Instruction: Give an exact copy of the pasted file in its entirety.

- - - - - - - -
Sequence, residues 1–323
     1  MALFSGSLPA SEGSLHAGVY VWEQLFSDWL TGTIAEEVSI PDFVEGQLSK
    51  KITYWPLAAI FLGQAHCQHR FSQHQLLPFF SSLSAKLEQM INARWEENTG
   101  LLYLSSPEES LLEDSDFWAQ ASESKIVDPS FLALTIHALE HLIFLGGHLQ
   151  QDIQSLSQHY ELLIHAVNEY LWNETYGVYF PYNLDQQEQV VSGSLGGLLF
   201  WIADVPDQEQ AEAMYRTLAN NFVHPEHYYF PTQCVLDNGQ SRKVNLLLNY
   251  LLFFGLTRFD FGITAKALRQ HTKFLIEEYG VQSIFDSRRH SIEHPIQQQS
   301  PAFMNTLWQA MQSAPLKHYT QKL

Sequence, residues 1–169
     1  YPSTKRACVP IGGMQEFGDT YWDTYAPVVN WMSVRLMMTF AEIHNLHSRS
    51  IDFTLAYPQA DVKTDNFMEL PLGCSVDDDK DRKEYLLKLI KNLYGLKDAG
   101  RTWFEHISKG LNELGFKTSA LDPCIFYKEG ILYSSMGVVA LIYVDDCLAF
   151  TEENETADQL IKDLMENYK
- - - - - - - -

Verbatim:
Sequence, residues 1–323
     1  MALFSGSLPA SEGSLHAGVY VWEQLFSDWL TGTIAEEVSI PDFVEGQLSK
    51  KITYWPLAAI FLGQAHCQHR FSQHQLLPFF SSLSAKLEQM INARWEENTG
   101  LLYLSSPEES LLEDSDFWAQ ASESKIVDPS FLALTIHALE HLIFLGGHLQ
   151  QDIQSLSQHY ELLIHAVNEY LWNETYGVYF PYNLDQQEQV VSGSLGGLLF
   201  WIADVPDQEQ AEAMYRTLAN NFVHPEHYYF PTQCVLDNGQ SRKVNLLLNY
   251  LLFFGLTRFD FGITAKALRQ HTKFLIEEYG VQSIFDSRRH SIEHPIQQQS
   301  PAFMNTLWQA MQSAPLKHYT QKL

Sequence, residues 1–169
     1  YPSTKRACVP IGGMQEFGDT YWDTYAPVVN WMSVRLMMTF AEIHNLHSRS
    51  IDFTLAYPQA DVKTDNFMEL PLGCSVDDDK DRKEYLLKLI KNLYGLKDAG
   101  RTWFEHISKG LNELGFKTSA LDPCIFYKEG ILYSSMGVVA LIYVDDCLAF
   151  TEENETADQL IKDLMENYK